It should the good ship so have swallow’d and
The fraughting souls within her.

PROSPERO

Be collected:
No more amazement: tell your piteous heart
There’s no harm done.

It was an emotional experience for me. I swear my eyes were filling with tears by the time I finished reading out loud from a manuscript of a play performed 400 years ago.

Reading from a First Folio went from being a thrill to an obsession. I decided to track down as many folios as time allowed.

Part II to follow!

NOTES: [1] I mentioned this fact in a post I titled Meet the One-Tracks. And today is William Shakespeare’s birthday. The Immortal Bard would be 459 years young today. He and his works haven’t aged a bit. ©2024 Jadi Campbell. For Uwe’s photos from our trips and his photography, go to viewpics.de.

My books are Broken In: A Novel in Stories, Tsunami Cowboys,  Grounded and The Trail Back Out.

Tsunami Cowboys was longlisted for the 2019 ScreenCraft Cinematic Book Award. Broken In: A Novel in Stories was semifinalist for the international 2020 Hawk Mountain Short Story Collection Award from Hidden River Arts and Finalist for Greece’s 2021 Eyelands Book of the Year Award (Short Stories).

The Trail Back Out was the 2023 San Francisco Book Festival Winner for General Fiction, American Book Fest 2020 Best Book Award Finalist: Fiction Anthologies, Runner-Up for the 2021 Top Shelf Award, 2021 IAN Book of the Year Award Short Story Collection Finalist, and awarded a 2021 Wishing Shelf Red Ribbon. The title story The Trail Back Out was longlisted for the 2021 ScreenCraft Cinematic Short Story Award.

Click here for my author page to learn more about me and purchase my books.

The Green Under the Snow

THEMA Literary Journal’s new issue Help From a Stranger features my short story The Green Under the Snow. This story is from my collection The Trail Back Out.

Here is their mission statement: “THEMA, the theme-related journal, has three goals. One is to provide a stimulating forum for established and emerging literary and visual artists. The second is to serve as source material and inspiration for teachers of creative writing. The third is to provide readers with a unique and entertaining collection of stories, poems, art and photography.”

THEMA was born in 1988 and is used by university writing programs across the USA.

To see more and order issues, here is a link to their website:  https://themaliterarysociety.com/

I’m one proud author and deeply honored THEMA accepted my story!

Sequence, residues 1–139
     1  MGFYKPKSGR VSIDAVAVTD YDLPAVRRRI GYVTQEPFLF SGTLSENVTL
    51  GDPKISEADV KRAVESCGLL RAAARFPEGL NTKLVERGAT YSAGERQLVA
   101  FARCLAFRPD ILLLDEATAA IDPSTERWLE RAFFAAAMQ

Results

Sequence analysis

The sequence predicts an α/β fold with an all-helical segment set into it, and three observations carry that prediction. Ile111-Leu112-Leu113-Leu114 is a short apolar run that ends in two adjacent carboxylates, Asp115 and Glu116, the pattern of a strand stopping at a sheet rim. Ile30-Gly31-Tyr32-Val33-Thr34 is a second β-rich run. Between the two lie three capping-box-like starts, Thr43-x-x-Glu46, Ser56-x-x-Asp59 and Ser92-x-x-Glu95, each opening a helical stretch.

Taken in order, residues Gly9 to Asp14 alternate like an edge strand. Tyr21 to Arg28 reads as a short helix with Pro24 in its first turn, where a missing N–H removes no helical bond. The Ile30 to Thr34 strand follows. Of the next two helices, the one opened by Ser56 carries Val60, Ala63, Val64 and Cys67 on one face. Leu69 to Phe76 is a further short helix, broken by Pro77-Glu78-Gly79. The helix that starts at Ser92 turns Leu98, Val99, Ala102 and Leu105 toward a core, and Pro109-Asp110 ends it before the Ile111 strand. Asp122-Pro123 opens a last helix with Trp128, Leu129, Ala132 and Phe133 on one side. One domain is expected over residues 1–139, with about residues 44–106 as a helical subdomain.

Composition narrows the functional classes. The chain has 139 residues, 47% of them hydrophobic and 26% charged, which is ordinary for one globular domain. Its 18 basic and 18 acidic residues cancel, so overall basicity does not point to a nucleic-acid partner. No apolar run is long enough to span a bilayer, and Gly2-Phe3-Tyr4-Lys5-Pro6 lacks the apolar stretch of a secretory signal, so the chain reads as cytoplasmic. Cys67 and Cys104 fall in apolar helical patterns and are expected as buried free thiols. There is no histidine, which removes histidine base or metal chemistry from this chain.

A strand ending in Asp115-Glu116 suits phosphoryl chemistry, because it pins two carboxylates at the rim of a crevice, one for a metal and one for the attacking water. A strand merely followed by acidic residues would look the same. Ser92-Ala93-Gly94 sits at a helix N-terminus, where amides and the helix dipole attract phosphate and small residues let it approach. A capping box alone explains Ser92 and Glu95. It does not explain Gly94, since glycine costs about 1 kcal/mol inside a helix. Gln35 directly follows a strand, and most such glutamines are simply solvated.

NOTES: ©2024 Jadi Campbell.

The Trail Back Out was the 2023 San Francisco Book Festival Winner for General Fiction, American Book Fest 2020 Best Book Award Finalist: Fiction Anthologies, Runner-Up for the 2021 Top Shelf Award, 2021 IAN Book of the Year Award Short Story Collection Finalist, and awarded a 2021 Wishing Shelf Red Ribbon. The title story The Trail Back Out was long listed for the 2021 ScreenCraft Cinematic Short Story Award.

Click here for my author page to learn more about me and purchase my books.

 

Albert Chinụalụmọgụ Achebe’s Banned Book

Author Chinua Achebe was born on November 16, 1930 in Ogidi, Nigeria. He remains one of world literature’s most important African writers, widely read and studied.  When it first appeared, Things Fall Apart was banned in Malaysia and Nigeria. In my first year of college I read this devastating book. I recently reread it, and would like to think that our world has grown more aware of the destruction colonization brings. But attacks on books and ideas have only increased; Things Fall Apart was challenged by schools in Texas.

In honor of Chinua Achebe,  here is the post I wrote for Banned Books Week. – Jadi

I’d been warned: the 5-Star reviews couldn’t last forever. “Be prepared,” people cautioned me. “Trolls are out there and sooner or later one of them will pan a book. It’s going to be ugly.” I don’t check for reviews on Amazon much as I take the long view. Writing a book is a slow process, and building up a list of reviews can take a while. I’ve been pleasantly surprised to receive consistently solid, glowing reviews.

Until now.

I got my first 1-Star review. The German guy says Tsunami Cowboys is the worst book he’d ever read. He didn’t finish it. And, after page 56, HE BURNED IT.

WTF? Really?? In the 21st century, people are still burning books?!?

I went into shock. I was horrified. Shaken. Ashamed, even. In my worst nightmares, I never ever ever imagined someone would actually destroy my words like this. Until now, it was beyond my powers of imagination.

I got out a copy of the book. What could possibly be so offensive? I opened to page 56 and the peak of a chapter in which Coreen, one of the main characters, is trapped in a cult and can’t get out.

Ok…. Maybe the troll was upset by the topic. I sure was; that’s why I wrote about it. If he’d made it to the end of the book he would have learned the following: I’m religious. I believe in God. My heroine’s story continues well past the page where he stopped reading.

If he’d bothered with the author’s Afterword, he’d have learned my personal reasons for even including this thread in my book.